New Delhi, India, 30th November 2012—The real life counterpart of Rudyard Kipling’s Baloo faces severe pressure from illegal trade and strong enforcement efforts are needed to protect wild bears in Asia, delegates to an international conference on bear conservation were told.
More than 300 experts from 37 countries gathered in India at the 21st Conference of the International Bear Association held from 26-30th November 2012, to discuss a wide range of bear conservation, research and management issues.
Asia’s bears are of special concern as demand for their parts for use in traditional medicines has increasingly become a serious threat to the conservation of these species. The illegal trade in bear bile and other bear products was highlighted by TRAFFIC and others, with the threats to Asia’s wild bear species being of extreme concern.
In 2011, TRAFFIC launched Pills, powders, vials and flakes: The bear trade in Asia (PDF, 1 MB) a report based on an investigation of the trade in bear parts across 13 countries and territories in South-East and East Asia. The report found evidence of widespread illegal sourcing and trade in wild bears and recommended increased efforts to enforce national laws, and better implement the Convention on International Trade in Endangered Species of Wild Fauna and Flora (CITES) in the region.
“Efforts to shut down the illegal trade in bear parts in Asia are essential,” Dr Chris R Shepherd, TRAFFIC’s Deputy Director in South-East Asia, told conference delegates.
“In parallel to increasing enforcement efforts, it is important that steps are taken to reduce demand for bear products, through raising the awareness of laws and conservation issues, and through the promotion of legal herbal and synthetic alternatives to bear bile amongst traditional medicine users.”
“One of the greatest obstacles is the lack of awareness and concern amongst the public and relevant authorities regarding the wide range of threats to bear conservation around the world.”
The conference saw the release of the first “National Bear Conservation and Welfare Action Plan 2012” by the Ministry of Environment and Forests, India, which was officially launched by the Honorable Indian Environment Minister, Mrs Jayanthi Natarajan.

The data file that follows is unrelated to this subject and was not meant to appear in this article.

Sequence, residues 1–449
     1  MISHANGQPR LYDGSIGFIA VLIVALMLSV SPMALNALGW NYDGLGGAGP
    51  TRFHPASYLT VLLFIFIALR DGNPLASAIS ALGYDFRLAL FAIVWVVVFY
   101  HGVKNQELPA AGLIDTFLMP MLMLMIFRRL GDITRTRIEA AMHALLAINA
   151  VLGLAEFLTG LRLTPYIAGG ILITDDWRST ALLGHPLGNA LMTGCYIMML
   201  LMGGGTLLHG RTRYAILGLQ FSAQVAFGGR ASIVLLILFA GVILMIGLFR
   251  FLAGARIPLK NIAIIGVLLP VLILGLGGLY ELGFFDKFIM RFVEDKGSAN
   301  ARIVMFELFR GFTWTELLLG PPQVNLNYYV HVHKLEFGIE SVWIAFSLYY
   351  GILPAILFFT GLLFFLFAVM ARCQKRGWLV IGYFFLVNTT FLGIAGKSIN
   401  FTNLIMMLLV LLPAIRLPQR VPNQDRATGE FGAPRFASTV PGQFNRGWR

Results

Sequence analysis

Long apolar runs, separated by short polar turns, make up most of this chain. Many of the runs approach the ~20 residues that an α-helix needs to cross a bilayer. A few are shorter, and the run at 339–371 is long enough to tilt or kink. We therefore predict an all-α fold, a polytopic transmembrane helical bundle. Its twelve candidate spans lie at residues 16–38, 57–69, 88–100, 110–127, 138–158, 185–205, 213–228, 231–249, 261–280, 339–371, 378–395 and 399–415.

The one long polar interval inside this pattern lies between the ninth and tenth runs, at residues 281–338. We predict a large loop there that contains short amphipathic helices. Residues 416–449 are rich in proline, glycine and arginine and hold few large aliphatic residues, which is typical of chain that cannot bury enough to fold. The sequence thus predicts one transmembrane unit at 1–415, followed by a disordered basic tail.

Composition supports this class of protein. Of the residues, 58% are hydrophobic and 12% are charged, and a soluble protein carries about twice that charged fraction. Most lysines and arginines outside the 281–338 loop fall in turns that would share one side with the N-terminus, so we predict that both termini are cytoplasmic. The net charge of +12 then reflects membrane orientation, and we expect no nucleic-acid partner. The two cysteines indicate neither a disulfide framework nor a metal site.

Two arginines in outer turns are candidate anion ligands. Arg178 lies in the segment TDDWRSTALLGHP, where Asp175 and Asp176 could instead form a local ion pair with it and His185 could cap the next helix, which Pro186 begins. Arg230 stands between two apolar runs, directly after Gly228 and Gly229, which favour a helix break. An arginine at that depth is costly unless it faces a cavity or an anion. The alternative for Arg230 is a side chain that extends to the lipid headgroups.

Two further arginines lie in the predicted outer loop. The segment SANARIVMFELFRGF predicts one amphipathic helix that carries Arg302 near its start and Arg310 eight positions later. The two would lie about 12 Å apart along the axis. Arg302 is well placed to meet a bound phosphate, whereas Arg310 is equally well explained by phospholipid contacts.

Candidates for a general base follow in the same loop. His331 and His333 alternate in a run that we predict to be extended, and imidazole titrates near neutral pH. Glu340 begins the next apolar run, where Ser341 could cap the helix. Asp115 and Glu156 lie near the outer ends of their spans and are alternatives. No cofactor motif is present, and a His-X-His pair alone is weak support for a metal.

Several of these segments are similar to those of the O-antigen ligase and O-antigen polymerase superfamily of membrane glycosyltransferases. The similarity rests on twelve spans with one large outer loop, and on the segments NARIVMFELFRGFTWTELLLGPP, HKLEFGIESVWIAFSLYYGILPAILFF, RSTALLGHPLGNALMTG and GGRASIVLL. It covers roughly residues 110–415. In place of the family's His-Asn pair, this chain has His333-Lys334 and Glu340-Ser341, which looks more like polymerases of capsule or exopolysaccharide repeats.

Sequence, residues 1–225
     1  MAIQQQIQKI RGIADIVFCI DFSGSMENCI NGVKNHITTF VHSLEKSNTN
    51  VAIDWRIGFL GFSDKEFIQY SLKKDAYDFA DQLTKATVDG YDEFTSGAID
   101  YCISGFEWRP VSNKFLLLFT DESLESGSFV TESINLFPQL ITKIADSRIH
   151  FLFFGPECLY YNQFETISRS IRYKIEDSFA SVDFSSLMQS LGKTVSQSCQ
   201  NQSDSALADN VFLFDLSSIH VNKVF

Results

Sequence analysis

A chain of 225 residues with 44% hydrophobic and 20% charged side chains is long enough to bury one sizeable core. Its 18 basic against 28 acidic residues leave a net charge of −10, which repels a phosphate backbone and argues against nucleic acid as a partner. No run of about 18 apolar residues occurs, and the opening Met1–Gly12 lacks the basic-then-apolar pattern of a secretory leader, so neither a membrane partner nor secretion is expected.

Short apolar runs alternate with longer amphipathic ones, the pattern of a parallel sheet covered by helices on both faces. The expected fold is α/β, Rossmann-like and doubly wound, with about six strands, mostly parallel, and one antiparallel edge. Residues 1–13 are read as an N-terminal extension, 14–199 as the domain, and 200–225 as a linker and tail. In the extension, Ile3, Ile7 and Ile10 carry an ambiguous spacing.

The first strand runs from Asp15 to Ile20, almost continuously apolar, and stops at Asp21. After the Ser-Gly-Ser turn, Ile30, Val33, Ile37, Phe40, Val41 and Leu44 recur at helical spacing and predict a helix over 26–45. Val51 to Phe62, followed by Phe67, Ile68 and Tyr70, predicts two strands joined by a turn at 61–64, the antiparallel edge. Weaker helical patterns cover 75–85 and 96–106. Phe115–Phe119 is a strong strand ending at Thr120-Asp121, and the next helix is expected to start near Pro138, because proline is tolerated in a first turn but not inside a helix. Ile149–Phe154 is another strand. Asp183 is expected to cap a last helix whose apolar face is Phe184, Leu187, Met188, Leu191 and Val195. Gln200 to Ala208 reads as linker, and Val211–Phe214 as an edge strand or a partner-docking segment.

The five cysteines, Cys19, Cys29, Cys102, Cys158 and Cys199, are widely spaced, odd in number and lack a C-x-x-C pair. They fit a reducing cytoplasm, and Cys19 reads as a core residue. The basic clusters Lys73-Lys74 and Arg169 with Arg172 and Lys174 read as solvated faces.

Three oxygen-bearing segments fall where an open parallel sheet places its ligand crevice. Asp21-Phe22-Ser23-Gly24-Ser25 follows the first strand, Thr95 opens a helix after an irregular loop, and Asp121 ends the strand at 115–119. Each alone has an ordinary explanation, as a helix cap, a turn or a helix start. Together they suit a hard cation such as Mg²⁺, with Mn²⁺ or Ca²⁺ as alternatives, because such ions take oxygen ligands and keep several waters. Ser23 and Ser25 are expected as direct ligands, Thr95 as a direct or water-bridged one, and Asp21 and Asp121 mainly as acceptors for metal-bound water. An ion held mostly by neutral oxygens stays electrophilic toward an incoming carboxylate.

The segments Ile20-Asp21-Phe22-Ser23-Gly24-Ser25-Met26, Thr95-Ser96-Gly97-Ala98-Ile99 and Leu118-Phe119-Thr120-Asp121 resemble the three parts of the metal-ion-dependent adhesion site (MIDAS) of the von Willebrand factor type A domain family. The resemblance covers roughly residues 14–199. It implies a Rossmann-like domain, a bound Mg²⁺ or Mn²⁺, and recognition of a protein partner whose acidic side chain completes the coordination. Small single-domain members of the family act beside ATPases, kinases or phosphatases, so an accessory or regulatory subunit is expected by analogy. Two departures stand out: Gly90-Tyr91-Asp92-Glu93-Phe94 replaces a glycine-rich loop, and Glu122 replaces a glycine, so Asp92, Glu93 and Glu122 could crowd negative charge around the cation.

TRAFFIC was encouraged by the Minister’s commitment to increase efforts to safeguard the four species of bears found in India.
Conference delegates also heard about the remarkable change in attitude towards bears in India, with the trade in Sloth Bears for roadside performances all but eliminated for example. However, challenges still exist in India, including human-bear conflict issues, habitat loss and persistent poaching for illegal trade – all issues flagged as serious concerns in the National Bear Conservation and Welfare Action Plan.
The recent IUCN resolution concerning the threat to wild bear populations and their conservation was also presented at the conference. Among other things, the resolution calls for the closure of all illegal bear bile farms in Asia.
More than 100 papers were presented at the conference on diverse aspects of bear research, conservation and welfare, from global warming affecting Polar Bears in Canada, to the widespread illegal use of snares in Lao PDR, to the continuing trade in bear bile products in Malaysia, to rehabilitation efforts for Sloth Bear kalandars in India.
The 21st International Conference on Bear Research and Management was organized jointly by the International Bear Association, Ministry of Environment and Forests, Central Zoo Authority of India, the IUCN SSC Bear Specialist Group, Wildlife Institute of India, Wildlife Trust of India, World Society for the Protection of Animals and the International Fund for Animal Welfare.
More information: Chris Shepherd at +60122340790 or write to him at email@example.com
1. There are four species of bears found in India—Himalayan Brown Bear Ursus arctos isabellinus Himalayan Black Bear Ursus thibetanus; Sun Bear Ursus malayanus; Sloth Bear Melursinus ursinus. All bears found in India are listed in Appendix I of CITES and in Schedule I and II of the Wildlife Protection Act as amended in 2003. Source : National Bear Conservation and Welfare Action Plan 2012.
2. TRAFFIC, the wildlife trade monitoring network, is a strategic alliance of WWF, the global conservation organization and IUCN, the International Union for the Conservation of Nature. TRAFFIC works on wildlife trade issues worldwide. In India, TRAFFIC functions as a division of WWF-India. TRAFFIC India works to ensure that trade in wild plants and animals is not a threat to the conservation of nature in India. For more information please visit www.trafficindia.org or www.traffic.org